In this first comprehensive analysis of lipid mediator resolution agonists in human CSF we report that patients with ‘highly active’ and ‘less active’ MS not only had a different CSF expression of pro-inflammatory mediators, but also differed in their synthesis of proresolution lipid mediators. We were able to corroborate the elevated PGE2 and 15-HETE CSF levels that were recently reported in MS patients as a quantitative CSF marker of neuroinflammation and oxidative stress. [6] Importantly, no difference was observed in serum levels of PGE2 and 15-HETE, suggesting CNS-specific effects. This finding supports the well-established concept of compartmentalized effects in MS, as seen for several biomarkers [15].Interestingly, we detected a relationship between disease severity and the proresolution mediator RvD1, which has been shown to diminish inflammation caused by oxidative stress [16] and to dampen leukocyte trafficking into and clear macrophages out of inflammation sites. [8] Given a dichotomous resolution phenotype in humans controlled by proresolution mediators categorized in ‘early resolvers’ (low initial but persistently increasing) and ‘delayed resolvers’ (high initial but short-lived peak of resolution agonists insufficient to prevent chronic inflammatory disease), the ‘highly active’ cohort might qualify for the ‘delayed resolver’ group, since all CSF samples were derived during or shortly after the inflammatory relapse. [17] Another biological explanation would be that in the ‘highly active’ MS cohort increased CSF cell numbers would represent a higher synthesis capacity of the lipid mediator resolution agonists. In contrast to RvD1, the AA-derived LXA4 was not significantly upregulated in the CSF of ‘highly active’ MS patients, suggesting a differentially regulated resolution program defining a ω-3 PUFA versus a ω-6 PUFA hierarchy in response to an inflammatory stimulus within a spatio-temporal resolutive context. Furthermore, since endogenous LXA4 synthesis is limited despite sufficient substrate (15-HETE) which is in line with a defective “lipid mediator class switch” [18], it might be worthwhile analyzing whether aspirin-triggered epimeric LXA4 levels can also be boosted in the CSF of MS patients, as has been demonstrated in the serum of healthy subjects taking low-dose aspirin. [7] Disruption of 12/15-lipoxygenase (which produces LXA4) results in a break of immunological self-tolerance [19], which is impaired in MS. Thus, increased levels of aspirin-triggered epimeric LXA4 might support anti-inflammatory/pro-resolutive pathways and thereby be more specific than applying additional substrate by ω-3 & ω-6 PUFA supplemented nutrition.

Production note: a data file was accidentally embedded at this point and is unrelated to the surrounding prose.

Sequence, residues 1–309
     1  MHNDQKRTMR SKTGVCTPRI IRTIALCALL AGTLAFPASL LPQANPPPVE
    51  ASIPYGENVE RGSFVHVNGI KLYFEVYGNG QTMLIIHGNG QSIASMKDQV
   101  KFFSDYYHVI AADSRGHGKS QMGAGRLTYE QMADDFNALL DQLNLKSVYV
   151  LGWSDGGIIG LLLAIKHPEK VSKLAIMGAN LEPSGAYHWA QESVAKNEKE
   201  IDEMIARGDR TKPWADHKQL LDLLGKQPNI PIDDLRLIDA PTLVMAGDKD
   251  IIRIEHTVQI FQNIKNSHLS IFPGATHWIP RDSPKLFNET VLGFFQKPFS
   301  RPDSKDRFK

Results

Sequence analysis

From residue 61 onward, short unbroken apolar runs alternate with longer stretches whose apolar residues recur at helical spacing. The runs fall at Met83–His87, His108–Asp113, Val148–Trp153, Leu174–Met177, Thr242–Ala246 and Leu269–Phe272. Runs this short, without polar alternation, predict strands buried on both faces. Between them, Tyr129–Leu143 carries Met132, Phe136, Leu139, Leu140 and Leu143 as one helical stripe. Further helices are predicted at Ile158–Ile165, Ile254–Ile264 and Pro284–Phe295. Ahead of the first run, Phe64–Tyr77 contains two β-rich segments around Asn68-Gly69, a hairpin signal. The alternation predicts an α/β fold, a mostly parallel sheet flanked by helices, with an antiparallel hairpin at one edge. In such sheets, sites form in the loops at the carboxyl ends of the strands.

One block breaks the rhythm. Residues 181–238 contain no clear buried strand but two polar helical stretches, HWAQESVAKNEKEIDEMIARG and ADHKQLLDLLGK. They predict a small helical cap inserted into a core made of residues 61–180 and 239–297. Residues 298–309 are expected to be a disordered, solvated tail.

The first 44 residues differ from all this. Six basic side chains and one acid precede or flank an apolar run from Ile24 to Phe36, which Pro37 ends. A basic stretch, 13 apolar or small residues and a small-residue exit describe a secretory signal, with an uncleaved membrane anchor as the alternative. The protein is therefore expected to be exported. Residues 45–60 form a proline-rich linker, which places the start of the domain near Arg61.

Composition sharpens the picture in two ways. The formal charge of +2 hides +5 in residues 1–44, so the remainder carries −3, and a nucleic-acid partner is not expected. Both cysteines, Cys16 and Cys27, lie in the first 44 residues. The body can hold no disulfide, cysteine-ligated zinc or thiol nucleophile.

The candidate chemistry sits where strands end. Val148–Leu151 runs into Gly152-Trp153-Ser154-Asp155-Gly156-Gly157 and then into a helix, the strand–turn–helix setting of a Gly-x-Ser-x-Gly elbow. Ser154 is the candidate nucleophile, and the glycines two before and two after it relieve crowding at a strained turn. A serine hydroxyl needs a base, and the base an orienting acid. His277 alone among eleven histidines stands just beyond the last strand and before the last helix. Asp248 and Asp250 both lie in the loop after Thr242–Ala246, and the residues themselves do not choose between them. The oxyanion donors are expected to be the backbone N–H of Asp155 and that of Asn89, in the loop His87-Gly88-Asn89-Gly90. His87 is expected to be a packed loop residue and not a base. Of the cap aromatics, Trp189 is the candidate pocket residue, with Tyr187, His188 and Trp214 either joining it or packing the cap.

The measurements reflect the lipid mediator profile at the time of clinical examination. Thus, although using several control metabolites, the technical approach cannot exclude that decreased levels of lipid mediators result from an increased rate of lipid metabolism/inactivation rather than decreased formation. Sample collection was optimized for analysis of frozen material which has repeatedly been shown by us and many other groups to result in robust disease- or inflammation-specific lipid mediator profiles not seen in healthy controls. However, we cannot rule out that class-specific degradation may affect the measured levels of selected analytes in both patient groups. Limited amounts of patient material did not allow for exclusion of any storage-related degradation, as human specimens would have to be spiked with specific labeled analytes.

The clinical outcome of MS patients might not be determined solely by the levels of pro-inflammatory mediators, which have conceptually dominated diagnostic and interventional approaches in past, but also by a milieu of resolution agonists at the lesion site. Further prospective longitudinal studies are needed to clarify whether clinical disease progression as measured with the Expanded Disability Status Scale (EDSS) correlates with the presence and levels of resolution agonists, thereby influencing disease longevity and eventually its termination.

Supporting Information

Acknowledgments

We thank Prof. U. Dirnagl for his valuable comments.

Author Contributions

Conceived and designed the experiments: HP BR KG JS. Performed the experiments: HP BR ABS BB OW KG JS. Analyzed the data: HP BR ABS BB KG JS. Contributed reagents/materials/analysis tools: HP BR ABS BB OW KG JS. Wrote the paper: HP BR ABS BB OW KG JS.